Planning Intranet Navigation and Information Architecture

By Paul Marcotte
May 11, 2015
4 min read
information architecture

So you’ve just installed your brand new intranet solution and now it’s time to plan the layout and navigation. Where do you begin? Let’s start with an understanding of the difference between navigation and information architecture.

Information Architecture vs. Navigation

According to Wikipedia, information architecture is “the art and science of organizing and labeling websites, intranets, online communities and software to support usability and find-ability”.

Navigation, on the other hand, is the process of moving from one place to another.

Using the example of building a home, the initial architectural design questions would likely consider the following:

  • How many floors will the home have?
  • How many rooms per floor?

Additionally, the design would consider how you move or navigate throughout the home:

  • How many doorways between rooms?
  • Where will the stairs and hallways be located?

Planning Navigation & Information Architecture

Planning intranet navigation and information architecture are very similar to that of a house. When planning an intranet, one can ask very similar questions, such as:

  • How many Sites will the intranet need?
  • How many Applications will each Site need?
  • How many Pages will each Site need?

We can loosely correlate information architecture for an intranet as the process that solves the question above, or the overall organization of content. Similarly, we can correlate the process of designing intranet navigation with answering questions about how to get from the front door (home page) to the bathroom, or back patio.

Make Navigation & Architecture Intuitive

A good starting point when planning your intranet is to determine the overall site structure and how to logically organize the content within. When you have the architecture plan in place, then navigation planning can happen. The great thing about website navigation is that it needn’t follow the architectural organization as planned.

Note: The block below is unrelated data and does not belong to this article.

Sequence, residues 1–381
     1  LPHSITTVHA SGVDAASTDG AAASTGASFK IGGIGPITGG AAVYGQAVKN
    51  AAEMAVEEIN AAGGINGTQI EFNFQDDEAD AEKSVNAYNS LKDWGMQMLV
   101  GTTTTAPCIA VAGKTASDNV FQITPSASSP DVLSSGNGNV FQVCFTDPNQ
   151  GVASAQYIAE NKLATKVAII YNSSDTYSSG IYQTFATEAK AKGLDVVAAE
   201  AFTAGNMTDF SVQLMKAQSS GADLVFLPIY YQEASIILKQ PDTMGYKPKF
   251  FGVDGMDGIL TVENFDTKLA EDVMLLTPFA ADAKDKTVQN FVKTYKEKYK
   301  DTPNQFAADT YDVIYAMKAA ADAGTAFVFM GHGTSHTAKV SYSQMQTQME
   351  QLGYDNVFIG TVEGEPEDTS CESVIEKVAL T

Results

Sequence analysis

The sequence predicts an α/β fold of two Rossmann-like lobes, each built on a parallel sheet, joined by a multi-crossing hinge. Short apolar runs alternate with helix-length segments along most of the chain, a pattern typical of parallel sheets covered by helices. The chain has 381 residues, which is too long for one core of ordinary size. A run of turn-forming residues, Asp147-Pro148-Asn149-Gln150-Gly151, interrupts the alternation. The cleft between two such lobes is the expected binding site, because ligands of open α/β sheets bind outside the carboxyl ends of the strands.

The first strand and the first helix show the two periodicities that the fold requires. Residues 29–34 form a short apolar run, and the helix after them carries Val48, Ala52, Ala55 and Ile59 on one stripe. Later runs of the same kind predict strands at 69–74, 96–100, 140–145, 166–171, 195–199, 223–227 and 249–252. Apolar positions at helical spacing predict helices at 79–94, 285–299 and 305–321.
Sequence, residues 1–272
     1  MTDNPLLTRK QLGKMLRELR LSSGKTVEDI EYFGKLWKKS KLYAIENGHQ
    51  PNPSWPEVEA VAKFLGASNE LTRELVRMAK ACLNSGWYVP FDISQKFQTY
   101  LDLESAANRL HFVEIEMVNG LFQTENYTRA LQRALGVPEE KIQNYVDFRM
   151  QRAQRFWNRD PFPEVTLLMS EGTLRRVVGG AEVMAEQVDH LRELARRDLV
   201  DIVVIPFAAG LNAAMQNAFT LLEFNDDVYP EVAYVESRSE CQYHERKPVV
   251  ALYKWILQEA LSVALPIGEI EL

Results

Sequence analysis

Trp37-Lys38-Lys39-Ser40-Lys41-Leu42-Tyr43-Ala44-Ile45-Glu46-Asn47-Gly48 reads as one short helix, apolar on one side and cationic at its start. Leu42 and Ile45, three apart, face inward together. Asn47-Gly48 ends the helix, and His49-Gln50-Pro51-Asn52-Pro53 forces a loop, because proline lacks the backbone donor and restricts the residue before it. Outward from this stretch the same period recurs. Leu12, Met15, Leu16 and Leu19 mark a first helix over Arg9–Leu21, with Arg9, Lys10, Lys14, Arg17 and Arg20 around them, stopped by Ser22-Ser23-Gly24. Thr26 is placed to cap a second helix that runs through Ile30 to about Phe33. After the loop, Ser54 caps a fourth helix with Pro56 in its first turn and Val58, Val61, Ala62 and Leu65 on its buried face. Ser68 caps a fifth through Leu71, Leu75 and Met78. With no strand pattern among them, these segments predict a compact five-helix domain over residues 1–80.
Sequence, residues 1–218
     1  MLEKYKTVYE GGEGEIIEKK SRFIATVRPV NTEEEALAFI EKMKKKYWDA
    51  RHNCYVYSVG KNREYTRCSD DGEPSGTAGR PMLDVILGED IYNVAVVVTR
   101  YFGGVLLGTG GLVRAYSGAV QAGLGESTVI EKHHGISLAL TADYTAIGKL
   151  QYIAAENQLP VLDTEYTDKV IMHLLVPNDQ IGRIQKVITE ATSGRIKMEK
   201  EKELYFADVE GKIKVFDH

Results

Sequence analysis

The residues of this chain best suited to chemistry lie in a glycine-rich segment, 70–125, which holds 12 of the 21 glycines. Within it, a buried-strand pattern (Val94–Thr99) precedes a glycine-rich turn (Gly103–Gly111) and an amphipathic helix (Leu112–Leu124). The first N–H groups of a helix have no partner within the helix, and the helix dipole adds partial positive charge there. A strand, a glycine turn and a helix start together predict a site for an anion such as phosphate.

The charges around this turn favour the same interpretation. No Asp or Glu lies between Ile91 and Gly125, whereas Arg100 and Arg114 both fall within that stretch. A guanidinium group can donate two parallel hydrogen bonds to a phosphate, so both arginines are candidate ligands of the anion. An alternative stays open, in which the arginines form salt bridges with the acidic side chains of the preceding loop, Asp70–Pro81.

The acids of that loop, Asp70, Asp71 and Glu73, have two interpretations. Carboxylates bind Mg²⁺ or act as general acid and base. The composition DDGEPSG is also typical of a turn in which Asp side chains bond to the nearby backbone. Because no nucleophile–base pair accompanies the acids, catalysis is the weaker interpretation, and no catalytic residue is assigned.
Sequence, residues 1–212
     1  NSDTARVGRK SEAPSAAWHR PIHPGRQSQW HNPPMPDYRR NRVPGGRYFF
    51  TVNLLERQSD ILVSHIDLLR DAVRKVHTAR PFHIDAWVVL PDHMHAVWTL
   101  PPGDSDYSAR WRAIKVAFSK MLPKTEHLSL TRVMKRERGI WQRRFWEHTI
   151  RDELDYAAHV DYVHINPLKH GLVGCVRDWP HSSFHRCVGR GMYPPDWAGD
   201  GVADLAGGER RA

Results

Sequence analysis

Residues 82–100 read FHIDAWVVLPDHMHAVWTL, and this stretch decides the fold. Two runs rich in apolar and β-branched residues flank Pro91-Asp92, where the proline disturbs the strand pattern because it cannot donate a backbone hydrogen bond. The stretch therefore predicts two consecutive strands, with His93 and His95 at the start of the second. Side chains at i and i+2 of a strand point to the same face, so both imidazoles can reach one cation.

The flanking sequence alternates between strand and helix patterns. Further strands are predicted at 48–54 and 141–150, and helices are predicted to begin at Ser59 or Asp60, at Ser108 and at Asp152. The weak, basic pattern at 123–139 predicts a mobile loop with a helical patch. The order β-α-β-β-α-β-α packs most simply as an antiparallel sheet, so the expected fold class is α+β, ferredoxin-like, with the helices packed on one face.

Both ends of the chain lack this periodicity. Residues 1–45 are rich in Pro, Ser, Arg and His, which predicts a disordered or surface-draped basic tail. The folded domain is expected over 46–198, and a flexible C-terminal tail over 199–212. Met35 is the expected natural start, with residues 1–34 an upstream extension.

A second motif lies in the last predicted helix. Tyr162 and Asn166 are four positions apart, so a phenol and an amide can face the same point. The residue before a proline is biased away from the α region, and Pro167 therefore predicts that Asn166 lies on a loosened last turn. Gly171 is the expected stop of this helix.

If an important form is located within a specific application within a specific site, we can link to it globally from the home page, making it accessible to users within one click, instead of three. The point of planning your information architecture and intranet navigation beforehand is to ensure it is as intuitive as possible, so does not require much time or effort for your users to figure out.

Expand Navigation Real-Estate

There also comes a time when the original blueprint or design you laid out for your house starts to feel too small and you become constrained. This can also happen on your intranet. Luckily, with the introduction of Mega Menus Navigation, you are able to increase the real estate of your traditional menu by up to 4 times the original navigation.

Of course, with this opportunity comes the great responsibility to keep your navigation simple and intuitive. You don’t want to link to every page and resource on your intranet just because you can. Review your intranet statistics and analytics to understand which areas of the intranet your employees use the most or even expose areas of our intranet that are not heavily utilized that could benefit your employees further.

Effective Navigation & Information Architecture

Good information architecture and good navigation complement each other in a synergistic way. While both aspects are important to a successful intranet, neither piece necessarily drives the other. In fact, as you build out your intranet you should decouple the planning for each in a way that keeps the organization’s information architecture choices separate from the navigation decisions.

Ultimately, the goal is to hide the implementation choices for your information architecture behind a well-planned menu/navigation system. If you have experience with intranet navigation or information architecture, we’d love to hear about it. Please share your comments below.

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By Paul Marcotte

Paul Marcotte is a lead software developer with close to two decades of experience in a variety of programming languages and technologies. He is passionate about software design patterns, development best practices, and software architecture. He also has a bachelor of commerce degree and is passionate about the big picture of how software helps businesses and users to thrive.